- The Washington Times - Wednesday, December 9, 2015

It’s taking a while for the punches to start landing.

Like boxers feeling each other out in the early stages of the fight, the world’s top grandmasters were not exactly mixing it up in the first rounds of the 7th London Classic, now approaching the midpoint in the British capital.

The 20 games of the first four rounds have produced exactly three decisive results: Former Bulgarian world champ Veselin Topalov has lost twice — to Dutch GM Anish Giri on Round 1 and to French GM Maxime Vachier-Lagrave two rounds later — and America’s Hikaru Nakamura had the only win of Monday’s Round 4 with a victory over former Indian world champ Viswanathan Anand. Unfortunately, some of the most anticipated pairings of the event — including the battle between the top two Americans, Nakamura and Fabiano Caruana, and Caruana’s match with Norwegian world champion Magnus Carlsen — are already in the books as draws.

The London event is the third and final leg of the new Grand Chess Tour. Topalov won the first leg in the Norway Chess tournament in June, and Armenia’s Levon Aronian took the Sinquefield Cup in St. Louis two months later. The best overall performer in the three events will take home a $75,000 bonus.

The Topalov-Giri tournament-opener was a rare burst of belligerence in a sea of pacifism. With 12. b3 e5!?, Giri as Black hits on a new plan in this Fianchetto Grunfeld line, opening the center and initiating some sharp piece play. Black’s knight invades the White position, but Topalov finds a clever way to generate counterplay: 20. a4! Qxd4 21. a5 (Giri pointed out the nice line 21. Bf1 Nd7 22. Bxd3 Bxd3 23. Qxd3 Re1+! 24. Kg2 Rxd1 25. Qxd1 Qxc3 26. Be3, and White holds) Nd7 22. Ra4 Qe5 23. Nxd5 Nxc1 24. Rxc1 Nf6 25. Nc7! Rad8 26. Qf4, when 26…Re7 runs into 27. Qxe5 Rxe5 28. Nxa6 bxa6 29. Rc6 Kg7 30. Rxa6 Rd1+ 31. Kh2 Re2 32. Rf4, and White is better.

In a game with multiple tactical finesses, it’s only fitting that a subtle combinational point decides the affair: 31. Rab1!? (better may have been 31. Qxa7 Rdd2 32. Rc8+ Kg7 33. Rf1 Qxb3 34. Qxa6, when 34…Qe3? loses to the inspired 35. Qxf6+ Kxf6 36. fxe3+) Qd2 32. Bf3 Ne4! (see diagram) 33. Qxa7? (overlooking Black’s 35th move; drawish was 33. Bxe4 Rxe4 34. Qxa7 Qxa5) Nxf2! 34. Bxe2 Nxh3+ 35. Kf1 (Kg2 Qxe2+ 36. Kxh3 Rd2 and mate is unstoppable) Qd5! (White may have banked on 35…Rd6? 36. Rc8+ Kg7 37. Qe7 Rf6+ 38. Kg2 and holds), with the winning threat of 36…Qh1+.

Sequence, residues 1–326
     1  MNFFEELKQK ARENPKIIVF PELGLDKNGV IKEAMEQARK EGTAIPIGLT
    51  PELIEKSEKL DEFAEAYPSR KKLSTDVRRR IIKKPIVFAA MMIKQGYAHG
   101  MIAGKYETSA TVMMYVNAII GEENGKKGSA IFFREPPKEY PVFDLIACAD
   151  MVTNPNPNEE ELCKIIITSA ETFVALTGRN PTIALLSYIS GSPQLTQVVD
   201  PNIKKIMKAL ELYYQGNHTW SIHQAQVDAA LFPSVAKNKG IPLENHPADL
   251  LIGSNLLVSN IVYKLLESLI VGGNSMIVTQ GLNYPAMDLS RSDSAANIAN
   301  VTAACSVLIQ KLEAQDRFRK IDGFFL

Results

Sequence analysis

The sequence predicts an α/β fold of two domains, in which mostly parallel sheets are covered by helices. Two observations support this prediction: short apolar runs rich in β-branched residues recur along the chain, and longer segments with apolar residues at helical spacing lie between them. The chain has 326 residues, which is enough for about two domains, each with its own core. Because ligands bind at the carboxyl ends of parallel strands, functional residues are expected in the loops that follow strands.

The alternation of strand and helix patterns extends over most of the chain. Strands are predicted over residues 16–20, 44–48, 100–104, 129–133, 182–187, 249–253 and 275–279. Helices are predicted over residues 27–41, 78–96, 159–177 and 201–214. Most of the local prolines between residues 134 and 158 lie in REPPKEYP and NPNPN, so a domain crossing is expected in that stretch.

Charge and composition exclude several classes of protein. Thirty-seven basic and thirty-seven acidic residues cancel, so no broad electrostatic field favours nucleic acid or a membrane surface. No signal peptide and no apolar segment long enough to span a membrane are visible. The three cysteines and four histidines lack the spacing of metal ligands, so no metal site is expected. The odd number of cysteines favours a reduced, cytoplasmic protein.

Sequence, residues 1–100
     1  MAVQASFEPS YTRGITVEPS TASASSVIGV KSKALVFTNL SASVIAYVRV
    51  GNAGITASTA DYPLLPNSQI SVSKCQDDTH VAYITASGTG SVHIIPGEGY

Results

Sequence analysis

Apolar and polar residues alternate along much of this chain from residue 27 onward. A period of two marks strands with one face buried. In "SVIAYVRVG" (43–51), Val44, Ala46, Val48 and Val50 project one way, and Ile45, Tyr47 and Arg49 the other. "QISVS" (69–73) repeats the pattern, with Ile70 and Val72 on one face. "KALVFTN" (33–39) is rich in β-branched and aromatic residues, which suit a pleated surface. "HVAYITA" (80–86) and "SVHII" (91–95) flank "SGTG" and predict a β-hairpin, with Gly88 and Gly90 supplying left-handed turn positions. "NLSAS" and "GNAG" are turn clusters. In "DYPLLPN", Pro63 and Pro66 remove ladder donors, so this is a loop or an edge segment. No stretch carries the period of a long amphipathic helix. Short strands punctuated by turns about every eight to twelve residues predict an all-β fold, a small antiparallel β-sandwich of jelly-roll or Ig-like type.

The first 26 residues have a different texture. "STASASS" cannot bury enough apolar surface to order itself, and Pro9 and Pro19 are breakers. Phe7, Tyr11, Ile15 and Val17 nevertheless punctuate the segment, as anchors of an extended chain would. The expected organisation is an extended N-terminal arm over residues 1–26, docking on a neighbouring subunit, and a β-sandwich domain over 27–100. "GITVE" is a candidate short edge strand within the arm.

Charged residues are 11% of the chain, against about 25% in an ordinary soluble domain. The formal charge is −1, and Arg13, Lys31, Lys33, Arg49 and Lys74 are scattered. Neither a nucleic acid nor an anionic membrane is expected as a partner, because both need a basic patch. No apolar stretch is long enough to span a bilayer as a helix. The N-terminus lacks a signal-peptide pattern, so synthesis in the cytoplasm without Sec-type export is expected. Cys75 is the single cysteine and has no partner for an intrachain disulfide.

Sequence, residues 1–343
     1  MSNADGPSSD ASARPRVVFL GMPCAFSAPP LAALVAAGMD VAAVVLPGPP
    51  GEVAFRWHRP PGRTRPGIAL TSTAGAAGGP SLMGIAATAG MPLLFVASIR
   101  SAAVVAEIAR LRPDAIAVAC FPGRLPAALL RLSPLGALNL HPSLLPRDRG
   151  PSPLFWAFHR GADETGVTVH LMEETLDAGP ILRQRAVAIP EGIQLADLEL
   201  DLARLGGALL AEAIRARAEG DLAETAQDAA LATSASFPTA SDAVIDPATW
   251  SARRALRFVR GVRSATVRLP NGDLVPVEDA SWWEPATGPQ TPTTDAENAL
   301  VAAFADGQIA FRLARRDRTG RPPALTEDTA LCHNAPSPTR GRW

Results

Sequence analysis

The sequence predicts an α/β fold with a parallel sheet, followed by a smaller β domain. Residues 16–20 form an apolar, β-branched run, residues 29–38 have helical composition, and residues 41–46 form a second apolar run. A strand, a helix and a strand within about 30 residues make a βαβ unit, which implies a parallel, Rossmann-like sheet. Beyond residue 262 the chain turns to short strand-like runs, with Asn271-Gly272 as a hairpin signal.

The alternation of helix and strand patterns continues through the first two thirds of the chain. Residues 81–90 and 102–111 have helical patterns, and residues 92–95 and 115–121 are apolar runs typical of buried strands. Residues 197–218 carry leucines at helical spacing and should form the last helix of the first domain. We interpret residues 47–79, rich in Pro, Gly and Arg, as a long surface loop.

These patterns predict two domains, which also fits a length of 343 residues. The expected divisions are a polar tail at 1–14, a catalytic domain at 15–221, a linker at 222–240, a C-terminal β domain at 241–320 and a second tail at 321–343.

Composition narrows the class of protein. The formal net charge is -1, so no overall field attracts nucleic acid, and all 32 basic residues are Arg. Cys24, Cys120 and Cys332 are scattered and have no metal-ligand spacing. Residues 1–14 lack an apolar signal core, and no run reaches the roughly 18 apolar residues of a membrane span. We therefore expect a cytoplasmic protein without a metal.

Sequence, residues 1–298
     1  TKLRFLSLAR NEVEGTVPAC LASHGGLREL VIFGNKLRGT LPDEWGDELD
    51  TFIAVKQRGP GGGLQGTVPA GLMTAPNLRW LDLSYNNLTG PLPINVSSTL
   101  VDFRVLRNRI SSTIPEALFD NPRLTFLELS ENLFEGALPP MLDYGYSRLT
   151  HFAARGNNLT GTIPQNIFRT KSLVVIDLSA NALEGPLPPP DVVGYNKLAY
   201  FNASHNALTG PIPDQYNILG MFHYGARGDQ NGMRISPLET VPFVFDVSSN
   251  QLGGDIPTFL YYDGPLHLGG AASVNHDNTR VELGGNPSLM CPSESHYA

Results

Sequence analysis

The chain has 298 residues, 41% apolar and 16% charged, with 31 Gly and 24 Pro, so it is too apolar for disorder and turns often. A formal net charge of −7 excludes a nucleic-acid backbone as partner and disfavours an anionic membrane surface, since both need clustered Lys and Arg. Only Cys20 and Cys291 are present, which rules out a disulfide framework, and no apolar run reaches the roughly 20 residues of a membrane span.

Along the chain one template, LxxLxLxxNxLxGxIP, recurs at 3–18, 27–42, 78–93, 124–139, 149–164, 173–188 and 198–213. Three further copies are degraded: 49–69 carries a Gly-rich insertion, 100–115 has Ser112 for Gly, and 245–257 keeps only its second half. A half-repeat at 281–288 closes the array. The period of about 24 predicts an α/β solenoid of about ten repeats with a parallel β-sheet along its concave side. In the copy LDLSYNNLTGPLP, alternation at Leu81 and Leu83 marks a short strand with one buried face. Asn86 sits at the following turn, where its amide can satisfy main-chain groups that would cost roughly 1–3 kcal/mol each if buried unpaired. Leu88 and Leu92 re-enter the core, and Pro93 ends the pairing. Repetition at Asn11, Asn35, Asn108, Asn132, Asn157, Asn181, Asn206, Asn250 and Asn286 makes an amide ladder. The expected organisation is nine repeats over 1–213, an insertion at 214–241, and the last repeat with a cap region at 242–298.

White folds quickly: 36. Bh5? (a woozy response after a haymaker, but Black still wins on the tougher 36. Ke1 Qh1+ 37. Bf1 Qf3! 38. Rb2 [Bxh3 Re8+ 39. Kd2 Re2+ 40. Kd1 Qd3 mate] 39. Qxg3+ 39. Rf2 Re8+ 40. Be2 Nf4, and the attack breaks through) Qh1+ 37. Ke2 Qg2+ 38. Ke1 Re8+ 39. Kd1 Nf2+ 40. Kc2 Ne4+, and White resigns facing 41. Kd3 Qd2+ 42. Kc4 Rc8+ 43. Qc5 Rxc5 mate.

Topalov-Giri, 7th London Chess Classic, December 2015

1. d4 Nf6 2. c4 g6 3. g3 c6 4. Bg2 d5 5. Qa4 Nfd7 6. cxd5 Nb6 7. Qd1 cxd5 8. Nc3 Nc6 9. e3 Bg7 10. Nge2 O-O 11. O-O Re8 12. b3 e5 13. dxe5 Nxe5 14. h3 Bf5 15. Nd4 Bd3 16. Re1 Ba6 17. Qd2 Nd3 18. Rd1 Bxd4 19. exd4 Qf6 20. a4 Qxd4 21. a5 Nd7 22. Ra4 Qe5 23. Nxd5 Nxc1 24. Rxc1 Nf6 25. Nc7 Rad8 26. Qf4 g5 27. Qb4 Qb2 28. Raa1 Re2 29. Qc5 h6 30. Nxa6 bxa6 31. Rab1 Qd2 32. Bf3 Ne4 33. Qxa7 Nxf2 34. Bxe2 Nxh3+ 35. Kf1 Qd5 36. Bh5 Qh1+ 37. Ke2 Qg2+ 38. Ke1 Re8+ 39. Kd1 Nf2+ 40. Kc2 Ne4+ White resigns.


Congrats to Awonder Liang, the Madison, Wis. 12-year-old who just became the youngest American international master in history, eclipsing the mark set by (now-GM) Sam Sevian just two years ago. Liang picked up his third and final IM norm at the UT-Dallas Fall Fide Open last month. … Local players are already gearing up for the 42nd Eastern Open, a seven-round, five-section Swiss that traditionally rounds off the area chess calendar. Play this year runs from Dec. 26 to 29 at the Doubletree Hotel in Bethesda. Entry information, playing schedules and other details are available at easternopenchess.com.

David R. Sands can be reached at 202/636-3178 or by email at [email protected]

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